Compiling source code into executable programs is a fairly complex libraries, linkers, and assemblers. It’s important to understand how these fit together to help with your day-to-day workflow of developing, debugging, and deploying applications.
OCaml has a strong emphasis on static type safety and rejects source code that doesn’t meet its requirements as early as possible. The compiler does this by running the source code through a series of checks and transformations. Each stage performs its job (e.g., type checking, optimization, or code generation) and discards some information from the previous stage. The final native code output is low-level assembly code that doesn’t know anything about the OCaml modules or objects that the compiler started with.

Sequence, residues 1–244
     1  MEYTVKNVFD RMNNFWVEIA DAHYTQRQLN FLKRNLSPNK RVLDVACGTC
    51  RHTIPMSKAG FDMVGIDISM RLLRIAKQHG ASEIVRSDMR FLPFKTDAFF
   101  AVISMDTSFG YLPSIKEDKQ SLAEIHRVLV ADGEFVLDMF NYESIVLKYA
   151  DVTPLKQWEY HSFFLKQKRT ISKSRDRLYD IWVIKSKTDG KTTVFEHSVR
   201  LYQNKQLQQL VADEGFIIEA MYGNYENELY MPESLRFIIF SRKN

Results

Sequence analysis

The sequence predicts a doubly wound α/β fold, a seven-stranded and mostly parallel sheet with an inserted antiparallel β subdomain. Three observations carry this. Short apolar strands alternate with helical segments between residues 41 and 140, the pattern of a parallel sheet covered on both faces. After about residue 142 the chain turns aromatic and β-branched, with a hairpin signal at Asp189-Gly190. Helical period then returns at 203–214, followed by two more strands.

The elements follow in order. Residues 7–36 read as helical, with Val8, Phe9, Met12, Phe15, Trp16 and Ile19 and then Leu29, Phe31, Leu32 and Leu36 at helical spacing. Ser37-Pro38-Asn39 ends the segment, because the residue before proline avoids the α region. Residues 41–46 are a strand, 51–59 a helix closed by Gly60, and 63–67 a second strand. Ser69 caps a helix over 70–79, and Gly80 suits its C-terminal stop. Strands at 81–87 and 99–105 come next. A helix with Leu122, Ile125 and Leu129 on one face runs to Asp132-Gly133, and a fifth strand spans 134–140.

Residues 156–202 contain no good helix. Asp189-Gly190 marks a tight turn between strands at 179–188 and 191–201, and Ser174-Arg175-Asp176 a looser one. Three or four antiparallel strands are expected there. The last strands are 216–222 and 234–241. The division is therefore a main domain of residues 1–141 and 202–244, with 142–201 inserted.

You don’t have to do all of this manually, of course. The compiler frontends (
ocamlopt) are invoked
via the command line and chain the stages together for you. Sometimes though, you’ll need to
dive into the toolchain to hunt down a bug or investigate a performance problem. This chapter
explains the compiler pipeline in more depth so you understand how to harness the command-line
In this chapter, we’ll cover the following topics:
The compilation pipeline and what each stage represents
Source preprocessing via Camlp4 and the intermediate forms
The type-checking process, including module resolution
The details of the compilation process into executable ...